Jingisho (The Ministry of Divinities) (神祇省)

Jingisho (the Ministry of Divinities) was a government organization which replaced the old jingikan (Department of Divinities) that had existed since the first days of the ritsuryo system, as the agency ruling the religious services and public administration of jingi (Divinities); it was established on September 22, 1871 and lasted until April 21, 1872.

The Department of Divinities had been considered superior, at least pro forma, to the daijokan (the Grand Council of State), and hence by the comparison the Ministry of Divinities may seem to have suffered a demotion given the fact that it was created as one arm of and under the daijokan, but in actuality Japan, under the principles laid out in the Imperial Edict (of 1870) for Establishment of Shinto, had embraced a theocratic form of government (saisei itchi, or "the unity of church and state") under the Emperor; consequently, the Ministry of Divinities had been created to strengthen the government's ability to participate in religious matters in order to achieve the objective of making Shinto the national religion of Japan. The position of Minister of Divinities was never established, but Bisei FUKUBA was appointed as the Senior Assistant Director of Divinities.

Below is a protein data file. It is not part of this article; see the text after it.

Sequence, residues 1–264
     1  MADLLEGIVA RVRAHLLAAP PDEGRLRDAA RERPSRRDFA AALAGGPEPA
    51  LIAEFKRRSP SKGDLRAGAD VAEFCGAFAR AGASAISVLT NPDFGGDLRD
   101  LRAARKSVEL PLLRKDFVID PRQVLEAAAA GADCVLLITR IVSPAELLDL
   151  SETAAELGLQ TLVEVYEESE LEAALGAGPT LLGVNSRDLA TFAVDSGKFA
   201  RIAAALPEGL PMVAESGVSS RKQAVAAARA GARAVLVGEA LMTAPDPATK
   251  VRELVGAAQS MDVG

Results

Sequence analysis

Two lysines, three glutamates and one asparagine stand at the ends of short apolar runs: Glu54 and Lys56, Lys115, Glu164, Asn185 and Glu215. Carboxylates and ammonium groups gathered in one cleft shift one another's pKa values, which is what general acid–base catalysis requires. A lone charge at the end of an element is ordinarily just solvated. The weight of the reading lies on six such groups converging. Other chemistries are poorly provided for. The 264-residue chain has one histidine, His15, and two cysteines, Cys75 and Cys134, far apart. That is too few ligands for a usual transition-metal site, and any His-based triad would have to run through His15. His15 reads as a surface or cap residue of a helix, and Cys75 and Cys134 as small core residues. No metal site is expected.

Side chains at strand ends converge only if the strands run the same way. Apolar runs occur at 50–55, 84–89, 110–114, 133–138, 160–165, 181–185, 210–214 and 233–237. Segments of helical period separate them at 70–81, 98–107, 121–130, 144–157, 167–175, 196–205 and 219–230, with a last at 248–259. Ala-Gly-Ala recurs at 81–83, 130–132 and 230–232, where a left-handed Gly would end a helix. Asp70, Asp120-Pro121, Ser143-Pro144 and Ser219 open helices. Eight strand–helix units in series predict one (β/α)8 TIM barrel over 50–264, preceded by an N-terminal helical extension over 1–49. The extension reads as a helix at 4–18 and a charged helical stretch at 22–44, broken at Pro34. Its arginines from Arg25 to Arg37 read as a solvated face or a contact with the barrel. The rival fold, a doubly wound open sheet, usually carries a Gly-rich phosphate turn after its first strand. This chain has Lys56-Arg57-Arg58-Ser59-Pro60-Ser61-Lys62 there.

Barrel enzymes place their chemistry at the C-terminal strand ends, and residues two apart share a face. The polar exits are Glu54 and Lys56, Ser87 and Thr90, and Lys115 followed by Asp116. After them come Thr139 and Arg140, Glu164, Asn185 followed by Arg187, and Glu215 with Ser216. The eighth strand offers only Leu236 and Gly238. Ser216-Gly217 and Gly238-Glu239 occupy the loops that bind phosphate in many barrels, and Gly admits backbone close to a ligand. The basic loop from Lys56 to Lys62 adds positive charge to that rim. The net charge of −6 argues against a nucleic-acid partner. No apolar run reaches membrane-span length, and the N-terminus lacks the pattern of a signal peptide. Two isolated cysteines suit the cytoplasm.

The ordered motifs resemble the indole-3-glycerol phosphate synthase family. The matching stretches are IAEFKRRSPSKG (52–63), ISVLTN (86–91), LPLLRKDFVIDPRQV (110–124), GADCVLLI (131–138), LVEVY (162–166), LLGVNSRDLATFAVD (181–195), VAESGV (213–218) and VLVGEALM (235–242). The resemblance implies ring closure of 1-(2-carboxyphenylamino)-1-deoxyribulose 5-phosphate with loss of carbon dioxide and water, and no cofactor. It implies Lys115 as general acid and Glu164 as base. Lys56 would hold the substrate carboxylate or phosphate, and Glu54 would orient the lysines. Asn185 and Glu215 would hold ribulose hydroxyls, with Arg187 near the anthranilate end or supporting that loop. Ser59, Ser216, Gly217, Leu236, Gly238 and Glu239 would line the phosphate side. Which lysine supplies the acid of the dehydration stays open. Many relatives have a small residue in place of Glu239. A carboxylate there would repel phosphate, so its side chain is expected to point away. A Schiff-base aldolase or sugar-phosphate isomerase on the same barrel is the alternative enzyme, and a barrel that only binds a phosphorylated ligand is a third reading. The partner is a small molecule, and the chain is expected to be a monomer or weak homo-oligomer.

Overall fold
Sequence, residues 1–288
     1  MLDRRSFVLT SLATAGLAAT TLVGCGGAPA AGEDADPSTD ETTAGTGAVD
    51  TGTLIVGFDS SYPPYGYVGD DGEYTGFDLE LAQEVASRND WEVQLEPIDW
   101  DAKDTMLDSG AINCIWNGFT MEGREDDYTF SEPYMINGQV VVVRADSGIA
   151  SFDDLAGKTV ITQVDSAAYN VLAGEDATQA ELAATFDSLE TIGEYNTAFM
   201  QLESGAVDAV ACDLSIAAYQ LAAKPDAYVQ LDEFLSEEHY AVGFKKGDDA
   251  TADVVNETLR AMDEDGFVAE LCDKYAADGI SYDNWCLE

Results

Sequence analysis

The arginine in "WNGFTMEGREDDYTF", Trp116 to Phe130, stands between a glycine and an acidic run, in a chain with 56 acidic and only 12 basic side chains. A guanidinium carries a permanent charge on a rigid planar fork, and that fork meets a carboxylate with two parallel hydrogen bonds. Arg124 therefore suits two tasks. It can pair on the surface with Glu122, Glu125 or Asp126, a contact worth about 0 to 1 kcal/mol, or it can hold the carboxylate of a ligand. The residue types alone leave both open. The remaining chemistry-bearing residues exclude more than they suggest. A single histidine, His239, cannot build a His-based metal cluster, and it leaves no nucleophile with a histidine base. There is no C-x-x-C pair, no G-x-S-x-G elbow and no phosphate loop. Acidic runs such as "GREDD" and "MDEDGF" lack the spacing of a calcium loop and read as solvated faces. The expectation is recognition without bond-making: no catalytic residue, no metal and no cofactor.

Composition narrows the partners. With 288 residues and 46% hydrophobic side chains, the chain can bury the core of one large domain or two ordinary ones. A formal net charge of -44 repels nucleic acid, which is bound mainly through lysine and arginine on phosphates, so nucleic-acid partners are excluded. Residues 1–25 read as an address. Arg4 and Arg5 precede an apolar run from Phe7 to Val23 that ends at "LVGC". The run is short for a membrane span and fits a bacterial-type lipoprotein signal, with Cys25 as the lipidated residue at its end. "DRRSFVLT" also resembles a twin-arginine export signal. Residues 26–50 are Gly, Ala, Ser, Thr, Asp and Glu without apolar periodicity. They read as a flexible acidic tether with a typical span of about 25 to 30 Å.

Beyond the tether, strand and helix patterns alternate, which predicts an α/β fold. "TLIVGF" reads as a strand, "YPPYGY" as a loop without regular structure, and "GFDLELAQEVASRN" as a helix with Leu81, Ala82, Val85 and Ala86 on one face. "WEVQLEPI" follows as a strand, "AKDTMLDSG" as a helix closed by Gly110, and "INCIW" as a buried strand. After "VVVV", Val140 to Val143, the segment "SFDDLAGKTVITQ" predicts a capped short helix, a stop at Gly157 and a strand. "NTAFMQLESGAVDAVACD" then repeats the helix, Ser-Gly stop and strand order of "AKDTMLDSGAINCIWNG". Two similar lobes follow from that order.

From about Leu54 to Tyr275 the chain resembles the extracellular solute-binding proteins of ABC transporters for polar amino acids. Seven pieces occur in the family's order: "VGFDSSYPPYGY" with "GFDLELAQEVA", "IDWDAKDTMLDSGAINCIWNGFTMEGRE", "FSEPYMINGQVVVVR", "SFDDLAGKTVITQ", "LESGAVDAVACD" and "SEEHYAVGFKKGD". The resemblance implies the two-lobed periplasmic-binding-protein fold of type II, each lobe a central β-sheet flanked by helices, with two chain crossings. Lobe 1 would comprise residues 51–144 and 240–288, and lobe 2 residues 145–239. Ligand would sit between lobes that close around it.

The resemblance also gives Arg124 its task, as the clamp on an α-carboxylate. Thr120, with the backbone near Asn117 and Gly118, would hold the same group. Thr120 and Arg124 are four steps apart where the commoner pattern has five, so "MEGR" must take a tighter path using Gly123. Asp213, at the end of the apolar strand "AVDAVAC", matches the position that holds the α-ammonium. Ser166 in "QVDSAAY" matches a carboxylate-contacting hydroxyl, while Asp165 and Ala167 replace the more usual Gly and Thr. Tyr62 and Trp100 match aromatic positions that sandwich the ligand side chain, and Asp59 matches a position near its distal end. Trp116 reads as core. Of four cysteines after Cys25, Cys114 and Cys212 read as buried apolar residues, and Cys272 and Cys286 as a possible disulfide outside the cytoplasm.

Following the creation of the Ministry of Divinities, a mere six months later its name was changed to kyobusho (Ministry of Religion) in order to disseminate further the Imperial Edict (of 1870) for the Establishment of Shinto through the efforts of the senkyoshi (Shinto missionaries) who had been established in the final days of the Department of Divinities; the religious services of the Imperial Court were separated from this Ministry's jurisdiction and placed under the control of the shikiburyo (Bureau of Rites) of the Imperial Household Agency.

[Original Japanese]